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Keywords

Aurand, Mural, Cooper, Carnegie Mellon

Artwork Type

Integrated, Mural, Other 2D Work, Permanent



University Center Mural, 1996

Douglas Cooper



Photo

PhotoPhoto
Commissioning Entity Carnegie Mellon University
Owner Carnegie Mellon University

The Jared L. Cohon University Center, designed by Michael Dennis Associates, opened in 1996 as part of Carnegie Mellon University’s East Campus development.  The second-floor walls of the building’s central rotunda host an enormous panoramic mural drawn by Pittsburgh artist Douglas Cooper, who may be the foremost artistic interpreter of Pittsburgh’s urban landscape. Cooper envisioned the mural as a landscape that would be seen through various architectural openings in the building, and across the space of the rotunda; and as a stage set of sorts that would permit the viewer to enter into the deep space of the drawing. When examined at close range it reveals the virtuosity of Cooper’s drawing technique and the density and complexity of the city of Pittsburgh.

Cooper drew the University Center mural in with the aid of two assistants, Jonathan Kline and John Trivelli, and Cooper’s daughter Sarah. The mural, which is 10 feet high and more than 200 feet long, consists of 150 panels of various sizes. It is drawn in charcoal on paper that was pre-mounted over fiberboard panels. The panels are protected by several layers of clear acrylic and several additional layers of varnish.  

The mural shows Pittsburgh in three ways, with a special focus on Carnegie Mellon University and on Cooper’s beloved Forbes Field, the former home of the Pittsburgh Pirates baseball team.

The east wall shows Pittsburgh’s Oakland neighborhood during the 1960s (more or less) when Cooper was a student at Carnegie Mellon and lived across the street from Forbes Field. Major sections of the mural show Oakland as seen from an elevated vantage point at the top of Robinson Street; yet the panorama extends to the Hill District and to the Monongahela River, which is twisted to afford views of its industrial river valley in one direction and of downtown Pittsburgh in the other direction.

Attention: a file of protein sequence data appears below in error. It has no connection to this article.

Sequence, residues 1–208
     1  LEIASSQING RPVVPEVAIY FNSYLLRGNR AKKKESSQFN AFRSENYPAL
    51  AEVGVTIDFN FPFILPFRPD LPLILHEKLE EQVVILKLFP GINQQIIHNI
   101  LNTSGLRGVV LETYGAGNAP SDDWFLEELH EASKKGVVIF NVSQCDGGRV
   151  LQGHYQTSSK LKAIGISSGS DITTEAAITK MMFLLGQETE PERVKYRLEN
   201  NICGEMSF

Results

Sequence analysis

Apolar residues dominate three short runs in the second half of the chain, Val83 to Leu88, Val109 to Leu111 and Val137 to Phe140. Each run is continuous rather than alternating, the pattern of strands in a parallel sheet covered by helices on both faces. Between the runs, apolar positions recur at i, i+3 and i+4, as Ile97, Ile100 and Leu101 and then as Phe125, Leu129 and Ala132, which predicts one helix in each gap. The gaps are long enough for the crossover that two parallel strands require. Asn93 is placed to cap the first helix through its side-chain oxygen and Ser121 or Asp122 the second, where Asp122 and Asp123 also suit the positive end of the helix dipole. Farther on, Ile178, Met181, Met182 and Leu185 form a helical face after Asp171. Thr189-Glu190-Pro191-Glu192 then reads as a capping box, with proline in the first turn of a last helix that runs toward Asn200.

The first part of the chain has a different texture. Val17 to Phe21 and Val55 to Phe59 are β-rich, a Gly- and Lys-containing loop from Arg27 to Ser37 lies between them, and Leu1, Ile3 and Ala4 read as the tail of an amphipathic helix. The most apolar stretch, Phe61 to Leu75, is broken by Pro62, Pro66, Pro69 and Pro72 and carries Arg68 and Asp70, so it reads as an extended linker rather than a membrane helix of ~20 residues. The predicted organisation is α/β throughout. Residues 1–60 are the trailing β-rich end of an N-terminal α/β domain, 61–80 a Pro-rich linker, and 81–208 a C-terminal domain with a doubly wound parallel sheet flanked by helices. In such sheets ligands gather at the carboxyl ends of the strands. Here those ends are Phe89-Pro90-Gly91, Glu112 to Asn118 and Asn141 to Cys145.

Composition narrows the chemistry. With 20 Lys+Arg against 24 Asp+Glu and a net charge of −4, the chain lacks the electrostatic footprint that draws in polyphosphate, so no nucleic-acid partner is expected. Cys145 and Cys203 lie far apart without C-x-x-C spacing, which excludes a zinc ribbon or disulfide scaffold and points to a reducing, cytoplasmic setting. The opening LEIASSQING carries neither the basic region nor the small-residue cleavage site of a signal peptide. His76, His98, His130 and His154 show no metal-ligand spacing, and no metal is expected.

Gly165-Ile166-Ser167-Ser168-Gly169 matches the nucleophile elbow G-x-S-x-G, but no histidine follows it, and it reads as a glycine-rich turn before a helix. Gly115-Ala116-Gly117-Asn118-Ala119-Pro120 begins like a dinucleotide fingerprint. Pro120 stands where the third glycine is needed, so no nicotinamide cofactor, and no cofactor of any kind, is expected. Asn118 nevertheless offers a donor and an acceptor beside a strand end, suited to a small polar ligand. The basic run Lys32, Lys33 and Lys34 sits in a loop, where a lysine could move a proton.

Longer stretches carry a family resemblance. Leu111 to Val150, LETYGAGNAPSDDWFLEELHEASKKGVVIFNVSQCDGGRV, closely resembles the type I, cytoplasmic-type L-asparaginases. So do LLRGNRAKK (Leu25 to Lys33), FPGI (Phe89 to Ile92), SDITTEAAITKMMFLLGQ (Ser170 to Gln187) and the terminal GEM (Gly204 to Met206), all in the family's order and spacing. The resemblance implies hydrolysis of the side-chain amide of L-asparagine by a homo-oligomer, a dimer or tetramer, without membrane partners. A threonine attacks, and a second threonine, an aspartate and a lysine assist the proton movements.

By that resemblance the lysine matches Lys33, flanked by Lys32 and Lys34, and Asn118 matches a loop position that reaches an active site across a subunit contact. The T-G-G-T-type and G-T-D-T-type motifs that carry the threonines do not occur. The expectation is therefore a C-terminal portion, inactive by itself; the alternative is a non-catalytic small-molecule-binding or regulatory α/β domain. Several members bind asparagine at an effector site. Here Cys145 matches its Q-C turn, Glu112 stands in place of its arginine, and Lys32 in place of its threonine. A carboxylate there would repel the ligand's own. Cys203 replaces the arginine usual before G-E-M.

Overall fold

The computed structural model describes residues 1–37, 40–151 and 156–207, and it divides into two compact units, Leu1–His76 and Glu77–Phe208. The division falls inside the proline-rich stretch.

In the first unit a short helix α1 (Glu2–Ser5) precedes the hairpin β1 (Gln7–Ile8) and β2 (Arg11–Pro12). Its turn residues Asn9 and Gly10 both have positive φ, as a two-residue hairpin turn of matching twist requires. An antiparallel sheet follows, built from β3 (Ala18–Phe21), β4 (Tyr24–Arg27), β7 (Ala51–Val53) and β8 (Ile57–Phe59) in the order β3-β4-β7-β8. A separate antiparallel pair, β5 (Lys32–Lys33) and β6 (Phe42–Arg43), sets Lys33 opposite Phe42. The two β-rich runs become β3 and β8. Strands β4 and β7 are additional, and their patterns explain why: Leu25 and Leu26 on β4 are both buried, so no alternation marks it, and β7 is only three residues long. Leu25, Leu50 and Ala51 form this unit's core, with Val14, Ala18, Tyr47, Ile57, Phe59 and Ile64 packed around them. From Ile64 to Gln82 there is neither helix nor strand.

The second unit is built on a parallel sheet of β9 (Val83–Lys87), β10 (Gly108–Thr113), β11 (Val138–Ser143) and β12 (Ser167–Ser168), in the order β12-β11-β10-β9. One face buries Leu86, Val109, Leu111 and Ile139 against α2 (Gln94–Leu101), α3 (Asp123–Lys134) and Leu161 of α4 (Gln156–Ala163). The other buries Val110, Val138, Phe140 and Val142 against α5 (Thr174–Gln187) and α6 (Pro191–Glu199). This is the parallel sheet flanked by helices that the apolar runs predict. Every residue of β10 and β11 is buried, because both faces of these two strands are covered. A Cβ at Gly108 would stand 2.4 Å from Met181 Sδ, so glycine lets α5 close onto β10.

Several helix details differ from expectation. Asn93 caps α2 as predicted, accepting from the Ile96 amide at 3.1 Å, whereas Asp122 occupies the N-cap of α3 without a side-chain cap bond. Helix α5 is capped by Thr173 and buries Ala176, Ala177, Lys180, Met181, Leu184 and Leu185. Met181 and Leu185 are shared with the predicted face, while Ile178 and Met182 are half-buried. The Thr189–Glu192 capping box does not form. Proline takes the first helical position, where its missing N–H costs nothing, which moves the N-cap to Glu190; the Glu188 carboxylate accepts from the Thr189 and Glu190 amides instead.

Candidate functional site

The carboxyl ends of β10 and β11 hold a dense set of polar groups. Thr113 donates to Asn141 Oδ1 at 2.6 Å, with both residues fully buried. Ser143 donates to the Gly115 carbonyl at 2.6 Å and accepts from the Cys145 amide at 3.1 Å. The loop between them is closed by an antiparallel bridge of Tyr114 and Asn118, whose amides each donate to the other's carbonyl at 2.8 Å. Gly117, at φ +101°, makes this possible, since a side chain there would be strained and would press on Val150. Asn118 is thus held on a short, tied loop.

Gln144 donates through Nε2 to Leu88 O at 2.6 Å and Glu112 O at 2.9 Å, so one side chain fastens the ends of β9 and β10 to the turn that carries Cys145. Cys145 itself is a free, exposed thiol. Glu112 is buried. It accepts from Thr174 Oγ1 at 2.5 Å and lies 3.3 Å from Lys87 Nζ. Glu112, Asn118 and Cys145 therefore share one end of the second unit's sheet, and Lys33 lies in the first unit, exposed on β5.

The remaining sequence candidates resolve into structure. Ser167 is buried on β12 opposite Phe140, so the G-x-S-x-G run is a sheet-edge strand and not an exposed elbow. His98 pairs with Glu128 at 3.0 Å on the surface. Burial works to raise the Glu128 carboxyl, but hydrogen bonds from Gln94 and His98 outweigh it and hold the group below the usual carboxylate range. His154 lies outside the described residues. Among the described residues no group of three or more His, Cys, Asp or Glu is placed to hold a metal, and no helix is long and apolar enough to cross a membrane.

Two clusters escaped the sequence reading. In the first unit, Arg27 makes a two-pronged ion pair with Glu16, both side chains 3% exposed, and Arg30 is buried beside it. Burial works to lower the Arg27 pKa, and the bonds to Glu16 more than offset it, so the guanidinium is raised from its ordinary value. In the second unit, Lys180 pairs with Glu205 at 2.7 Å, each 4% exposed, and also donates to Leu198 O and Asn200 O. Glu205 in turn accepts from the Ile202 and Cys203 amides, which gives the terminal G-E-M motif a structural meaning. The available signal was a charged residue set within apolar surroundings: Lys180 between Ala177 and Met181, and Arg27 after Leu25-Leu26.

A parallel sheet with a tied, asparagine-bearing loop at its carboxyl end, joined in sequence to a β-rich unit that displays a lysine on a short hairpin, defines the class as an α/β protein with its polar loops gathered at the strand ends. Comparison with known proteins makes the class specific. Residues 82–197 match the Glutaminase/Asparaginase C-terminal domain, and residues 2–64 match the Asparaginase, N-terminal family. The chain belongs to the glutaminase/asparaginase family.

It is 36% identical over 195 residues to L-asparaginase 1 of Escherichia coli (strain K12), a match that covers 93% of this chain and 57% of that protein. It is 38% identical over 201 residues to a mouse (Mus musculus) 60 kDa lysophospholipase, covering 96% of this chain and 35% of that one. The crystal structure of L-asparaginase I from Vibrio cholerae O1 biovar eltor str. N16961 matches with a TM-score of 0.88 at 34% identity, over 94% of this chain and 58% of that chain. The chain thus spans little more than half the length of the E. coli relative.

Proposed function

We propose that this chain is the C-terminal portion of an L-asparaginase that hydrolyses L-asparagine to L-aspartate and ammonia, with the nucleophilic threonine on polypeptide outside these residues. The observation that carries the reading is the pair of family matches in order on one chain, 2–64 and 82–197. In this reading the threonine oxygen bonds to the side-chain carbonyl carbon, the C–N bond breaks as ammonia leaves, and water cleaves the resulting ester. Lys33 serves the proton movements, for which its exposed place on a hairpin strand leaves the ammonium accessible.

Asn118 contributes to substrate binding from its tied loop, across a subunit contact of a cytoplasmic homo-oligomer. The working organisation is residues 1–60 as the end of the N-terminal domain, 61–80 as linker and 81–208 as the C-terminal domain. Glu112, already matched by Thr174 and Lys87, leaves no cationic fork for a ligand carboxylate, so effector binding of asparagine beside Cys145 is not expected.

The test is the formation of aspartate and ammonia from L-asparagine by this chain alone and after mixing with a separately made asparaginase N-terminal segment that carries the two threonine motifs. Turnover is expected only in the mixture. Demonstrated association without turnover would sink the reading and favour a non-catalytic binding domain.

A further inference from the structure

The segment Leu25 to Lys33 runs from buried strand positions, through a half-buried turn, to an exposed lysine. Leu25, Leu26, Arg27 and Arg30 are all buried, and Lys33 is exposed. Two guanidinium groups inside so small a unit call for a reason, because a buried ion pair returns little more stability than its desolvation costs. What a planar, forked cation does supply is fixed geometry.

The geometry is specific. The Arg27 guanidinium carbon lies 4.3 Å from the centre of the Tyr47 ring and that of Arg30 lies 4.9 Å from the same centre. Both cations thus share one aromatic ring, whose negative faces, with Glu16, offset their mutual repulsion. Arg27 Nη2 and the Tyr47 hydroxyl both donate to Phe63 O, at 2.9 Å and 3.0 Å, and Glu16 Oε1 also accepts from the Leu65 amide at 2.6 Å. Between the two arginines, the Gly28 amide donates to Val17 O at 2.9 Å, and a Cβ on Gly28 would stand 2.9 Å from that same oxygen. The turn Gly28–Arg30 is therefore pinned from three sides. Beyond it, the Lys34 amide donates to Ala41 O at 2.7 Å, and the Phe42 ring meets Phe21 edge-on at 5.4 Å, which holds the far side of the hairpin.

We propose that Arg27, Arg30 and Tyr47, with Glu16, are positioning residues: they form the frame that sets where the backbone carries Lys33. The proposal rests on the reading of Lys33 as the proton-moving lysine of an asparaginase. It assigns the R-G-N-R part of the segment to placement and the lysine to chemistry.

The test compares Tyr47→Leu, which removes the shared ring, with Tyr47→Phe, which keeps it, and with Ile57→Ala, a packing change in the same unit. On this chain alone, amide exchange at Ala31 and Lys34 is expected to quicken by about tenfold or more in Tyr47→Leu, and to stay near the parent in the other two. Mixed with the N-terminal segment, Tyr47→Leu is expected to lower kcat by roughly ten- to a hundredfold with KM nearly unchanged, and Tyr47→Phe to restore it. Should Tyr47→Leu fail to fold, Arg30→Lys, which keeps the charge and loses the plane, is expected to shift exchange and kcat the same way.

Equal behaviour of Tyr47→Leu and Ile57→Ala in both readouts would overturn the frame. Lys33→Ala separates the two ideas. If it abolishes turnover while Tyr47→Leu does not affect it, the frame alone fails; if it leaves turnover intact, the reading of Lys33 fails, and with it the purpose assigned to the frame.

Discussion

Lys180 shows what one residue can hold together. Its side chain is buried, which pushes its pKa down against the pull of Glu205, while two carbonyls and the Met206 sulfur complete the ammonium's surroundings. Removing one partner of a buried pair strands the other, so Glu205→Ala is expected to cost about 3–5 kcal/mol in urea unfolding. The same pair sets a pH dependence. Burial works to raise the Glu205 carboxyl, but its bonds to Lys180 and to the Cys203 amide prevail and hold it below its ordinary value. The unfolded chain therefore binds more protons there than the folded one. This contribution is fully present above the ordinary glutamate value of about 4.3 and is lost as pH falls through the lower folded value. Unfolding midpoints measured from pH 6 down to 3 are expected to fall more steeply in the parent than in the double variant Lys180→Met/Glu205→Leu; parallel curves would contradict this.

The west wall shows the current and future (as envisioned in 1996) Carnegie Mellon University campus within the context of vast swaths of Oakland and the downtown skyline.

The north wall, which is broken by and wraps around three sets of double doors, shows portions of Pittsburgh—especially downtown—during various time periods, and utilizes the Monongahela River to tie the scenes together.

Altogether the mural depicts Pittsburgh as city of hills, ravines, and rivers; of campus buildings, bridges, steel mills, and workers houses; and of locomotives, barges, streetcars, and automobiles.  It emerges out of history, memory, and storytelling; incorporates contributions from local residents; and features elements of biography, especially Cooper’s own. Most of the drawing is obsessively and realistically detailed; yet some is looser, more naïve, and nearly childlike in its simplicity.  Perspective shifts and shifts again through episodes of precipitous incline and distortion seen from diverse points of view.  Buildings, neighborhoods, and topographies are adjusted, relocated, or omitted to make the mural inclusive and expansive. Cooper’s mural reveals Pittsburgh as a place dynamically situated between reality and the imagination.

By Martin Aurand, architecture librarian and archivist, Carnegie Mellon University 

Sources

Cooper, Douglas.  Steel Shadows: Murals and Drawings of Pittsburgh.  Pittsburgh: University of Pittsburgh Press, 2000.

Doug Cooper.  https://www.andrew.cmu.edu/user/dcooper/

 


 

Douglas Cooper (1946- ) is the Andrew Mellon Professor of Architecture in the School of Architecture at Carnegie Mellon, where he teaches freehand drawing to architecture students.  In addition to the University Center Mural, Cooper created an earlier mural at the Senator John Heinz History Center (1995) in Pittsburgh, a later mural at Carnegie Mellon University’s campus in Qatar (2008), a short animated film Pinburgh (2011), and many other public murals and related artworks. He has authored two books on drawing: Drawing and Perceiving (1983, 1992, 2000, 2007), a key text for drawing instruction; and Steel Shadows (2000), which focuses on his Pittsburgh work and tells the story of the University Center Mural.